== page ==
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Time constraints.

There is enough time, there is never enough time, there is too little time in a day – time.

 

Time; it ticks by no matter what – everyone has the same hours.

 

Some waste it, some manage it, some feel there is never enough.

 

Time ticks by; people demand your time. The family wants your time, your employer want your time, your partner and/or children want your time – you never have enough.

 

Games suck in hours on end – they are fun but tedious and time-consuming.

 

Time gets drained until it is time to sleep; even that feels as though it is not enough.

 

You spend it, you manage it – you will never save it, and you will never get more in a day without compromising other compartments.

 

Time – the race is on.

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Going out feels like going to work…

I’ve often not thought of the feeling; whenever I dived into my car and drove off to meet a friend for dinner or an afternoon’s diversions I never thought of how much the act itself reminded me of work. The fixed timetable of meeting in a particular spot meant that the activity never felt relaxed – there were places to be, people to meet; much like work it seems.

 

Work is much the same in a way; you are expected at a location at a certain time, and time itself feels like it does not belong to you (in truth it does not for you are paid to work on someone’s behalf). Indeed while you are there willingly you often expend time in a fashion which feels mechanical; that it pulls you along even if you do not want to go forward, and the train just keeps going on and on without pause.

 

Meeting people for an evening out feels a lot like work today; suddenly I feel the pull of time, and it feels as though I am limited in my free time thanks to my constant: “hey, are you free this Saturday?” Indeed I sometimes wake up late on the day of the event only to realize that I have little time to spare for my own personal activities – the games have to wait, and sometimes even a quick shower has to wait; much to the disappointment of myself.

 

People often complain about not feeling rested come Monday morning; they drank and partied and when Sunday’s hours started to tick by they still vomited their own time out like it was worthless – I suppose what is beautiful very much depends on the eye of the beholder.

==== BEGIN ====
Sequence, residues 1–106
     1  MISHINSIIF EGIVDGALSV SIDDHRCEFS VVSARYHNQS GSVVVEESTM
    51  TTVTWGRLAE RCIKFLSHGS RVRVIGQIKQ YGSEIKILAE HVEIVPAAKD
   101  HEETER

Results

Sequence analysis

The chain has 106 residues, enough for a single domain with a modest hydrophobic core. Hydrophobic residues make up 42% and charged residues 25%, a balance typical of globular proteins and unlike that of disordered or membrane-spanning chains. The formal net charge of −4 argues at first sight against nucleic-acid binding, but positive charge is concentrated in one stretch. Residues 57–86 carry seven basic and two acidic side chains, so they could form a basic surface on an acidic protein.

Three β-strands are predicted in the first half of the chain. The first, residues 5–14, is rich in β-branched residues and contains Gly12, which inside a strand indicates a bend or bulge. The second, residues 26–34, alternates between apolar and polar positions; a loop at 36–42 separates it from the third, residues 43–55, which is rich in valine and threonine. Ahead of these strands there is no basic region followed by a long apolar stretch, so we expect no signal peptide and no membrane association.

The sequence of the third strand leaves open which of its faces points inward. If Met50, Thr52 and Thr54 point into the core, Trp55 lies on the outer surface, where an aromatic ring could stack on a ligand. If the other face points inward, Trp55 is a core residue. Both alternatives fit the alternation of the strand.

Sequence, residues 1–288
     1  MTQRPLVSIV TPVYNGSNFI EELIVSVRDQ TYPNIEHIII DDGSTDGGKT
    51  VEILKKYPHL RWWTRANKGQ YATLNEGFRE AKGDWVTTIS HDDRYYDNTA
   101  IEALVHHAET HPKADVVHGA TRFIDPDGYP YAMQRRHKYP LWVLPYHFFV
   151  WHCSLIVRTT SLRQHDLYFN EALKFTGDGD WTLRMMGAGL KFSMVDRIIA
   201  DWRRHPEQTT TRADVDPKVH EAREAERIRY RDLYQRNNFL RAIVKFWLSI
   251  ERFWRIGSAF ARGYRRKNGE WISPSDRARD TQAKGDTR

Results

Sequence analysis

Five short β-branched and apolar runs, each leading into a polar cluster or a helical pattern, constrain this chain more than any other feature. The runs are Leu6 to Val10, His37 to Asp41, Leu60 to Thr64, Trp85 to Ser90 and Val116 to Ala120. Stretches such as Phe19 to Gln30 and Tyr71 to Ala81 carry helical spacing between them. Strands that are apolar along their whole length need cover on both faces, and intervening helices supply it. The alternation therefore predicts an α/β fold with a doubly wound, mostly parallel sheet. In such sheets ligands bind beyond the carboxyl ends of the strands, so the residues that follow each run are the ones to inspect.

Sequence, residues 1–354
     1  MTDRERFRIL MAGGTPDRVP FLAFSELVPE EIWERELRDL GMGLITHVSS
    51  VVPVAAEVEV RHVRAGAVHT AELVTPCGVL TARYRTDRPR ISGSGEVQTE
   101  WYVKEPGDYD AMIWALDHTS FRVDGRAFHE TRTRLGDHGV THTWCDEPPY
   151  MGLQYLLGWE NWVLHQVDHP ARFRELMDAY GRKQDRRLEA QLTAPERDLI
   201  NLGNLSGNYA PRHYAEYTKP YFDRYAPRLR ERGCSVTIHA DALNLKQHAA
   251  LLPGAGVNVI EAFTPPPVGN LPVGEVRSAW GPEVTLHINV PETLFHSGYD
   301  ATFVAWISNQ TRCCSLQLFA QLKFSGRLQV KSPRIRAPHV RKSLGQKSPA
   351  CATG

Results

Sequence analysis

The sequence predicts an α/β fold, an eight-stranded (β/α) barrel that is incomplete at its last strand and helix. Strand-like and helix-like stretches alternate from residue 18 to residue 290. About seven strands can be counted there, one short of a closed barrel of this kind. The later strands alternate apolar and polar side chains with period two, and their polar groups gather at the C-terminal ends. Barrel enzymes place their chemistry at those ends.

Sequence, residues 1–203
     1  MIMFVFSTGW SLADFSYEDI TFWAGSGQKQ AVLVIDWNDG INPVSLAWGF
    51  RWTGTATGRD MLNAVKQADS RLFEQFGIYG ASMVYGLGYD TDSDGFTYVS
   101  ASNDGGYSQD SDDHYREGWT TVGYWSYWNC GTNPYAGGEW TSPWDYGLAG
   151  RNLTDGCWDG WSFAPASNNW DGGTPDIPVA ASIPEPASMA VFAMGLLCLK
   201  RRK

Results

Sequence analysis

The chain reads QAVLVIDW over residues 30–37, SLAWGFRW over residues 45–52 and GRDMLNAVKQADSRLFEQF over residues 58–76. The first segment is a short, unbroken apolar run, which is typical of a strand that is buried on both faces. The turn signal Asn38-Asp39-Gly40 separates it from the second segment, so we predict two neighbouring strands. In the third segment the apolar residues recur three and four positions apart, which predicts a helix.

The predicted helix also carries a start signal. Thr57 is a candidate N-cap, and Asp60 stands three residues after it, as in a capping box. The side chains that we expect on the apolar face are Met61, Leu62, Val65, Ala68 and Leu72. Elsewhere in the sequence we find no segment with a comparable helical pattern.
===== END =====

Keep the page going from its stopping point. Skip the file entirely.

Going out feels like work – I think I will stay in most weekends henceforth. Time is finite and I want to spend it however I want; under my command, under my orders, and with no timetable say for meal times and sleep – rest and food are important.

The Sellsword principle Ch. 2

South; “go south,” they said, “plenty of gold” they said – sure as sure they were screwing with us. The lads and I went south as planned and we lost ten of our own to just not wanting to fight so far south where it is ungodly hot – they just disappeared at night and took their gear with them (they should have at least had the decency to say goodbye – I’m not hiring those cunts again). Down to thirty we kept going until grass became sand and the sun was so hot I swear the armor felt less protective than naked skin and loin cloths (I still kept my jerkin on – getting slashed by a good cut means I’ll have no work afterwards).

 

Some lord calling himself: “the Magistrate” hired us to protect some wagons going to an army camp; and here I was thinking it was a war they were waging (though despite what I said earlier about gold being a lie, he paid a lot). Looking at the Magistrate’s troops all they cared about was drinking and whoring (some soldiers they turned out to be) – nevertheless we were paid to protect so protect we did. Some bandits decided to try their luck and I decided that their heads would fly farther if I cut faster – I lost that bet to me own lads and ended up emptying a purse because of it.

 

I mean sure I should appreciate the calm guard duties, but I wanted to fight! Here I was guarding who knows what in those wagons and some thirty of us marching alongside another twelve soldiers belonging to the city-lord which I felt were there for show – total overkill for a handful of wagons going to an army camp.

 

We reached the place and the supposed: “logistics officer” paid us with a chest. Afterwards he offered us more work fighting in a battle that was in a few days; I spoke to the lads and they said “sure” so I said sure.

 

When we went to “war” it was pitiful – the opposition were a bunch of farmers with pitchforks while our patron fielded enough infantry in heavy armour to make the earth sink a few inches. Those farmers stood no chance and by nightfall we didn’t even bother to look over the dead of the enemy for goods to take home (though the dead on our side were fair game – no one was going to look over corpses so a few helmets, swords, coin purses – the usual goodies).